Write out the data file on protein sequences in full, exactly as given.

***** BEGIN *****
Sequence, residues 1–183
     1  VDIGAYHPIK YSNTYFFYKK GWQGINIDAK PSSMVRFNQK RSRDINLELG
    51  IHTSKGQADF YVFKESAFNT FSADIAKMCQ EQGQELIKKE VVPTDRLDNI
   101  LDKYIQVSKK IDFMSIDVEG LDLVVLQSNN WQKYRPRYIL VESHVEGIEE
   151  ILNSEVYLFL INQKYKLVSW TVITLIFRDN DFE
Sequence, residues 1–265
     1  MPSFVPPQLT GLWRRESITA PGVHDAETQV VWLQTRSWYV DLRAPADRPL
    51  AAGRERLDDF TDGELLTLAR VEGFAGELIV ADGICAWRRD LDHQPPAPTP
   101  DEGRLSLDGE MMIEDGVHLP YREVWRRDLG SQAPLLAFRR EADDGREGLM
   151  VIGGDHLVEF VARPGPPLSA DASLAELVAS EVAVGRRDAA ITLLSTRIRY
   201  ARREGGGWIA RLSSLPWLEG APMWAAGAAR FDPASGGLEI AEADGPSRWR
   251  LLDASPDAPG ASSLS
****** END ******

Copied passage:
Sequence, residues 1–183
     1  VDIGAYHPIK YSNTYFFYKK GWQGINIDAK PSSMVRFNQK RSRDINLELG
    51  IHTSKGQADF YVFKESAFNT FSADIAKMCQ EQGQELIKKE VVPTDRLDNI
   101  LDKYIQVSKK IDFMSIDVEG LDLVVLQSNN WQKYRPRYIL VESHVEGIEE
   151  ILNSEVYLFL INQKYKLVSW TVITLIFRDN DFE
Sequence, residues 1–265
     1  MPSFVPPQLT GLWRRESITA PGVHDAETQV VWLQTRSWYV DLRAPADRPL
    51  AAGRERLDDF TDGELLTLAR VEGFAGELIV ADGICAWRRD LDHQPPAPTP
   101  DEGRLSLDGE MMIEDGVHLP YREVWRRDLG SQAPLLAFRR EADDGREGLM
   151  VIGGDHLVEF VARPGPPLSA DASLAELVAS EVAVGRRDAA ITLLSTRIRY
   201  ARREGGGWIA RLSSLPWLEG APMWAAGAAR FDPASGGLEI AEADGPSRWR
   251  LLDASPDAPG ASSLS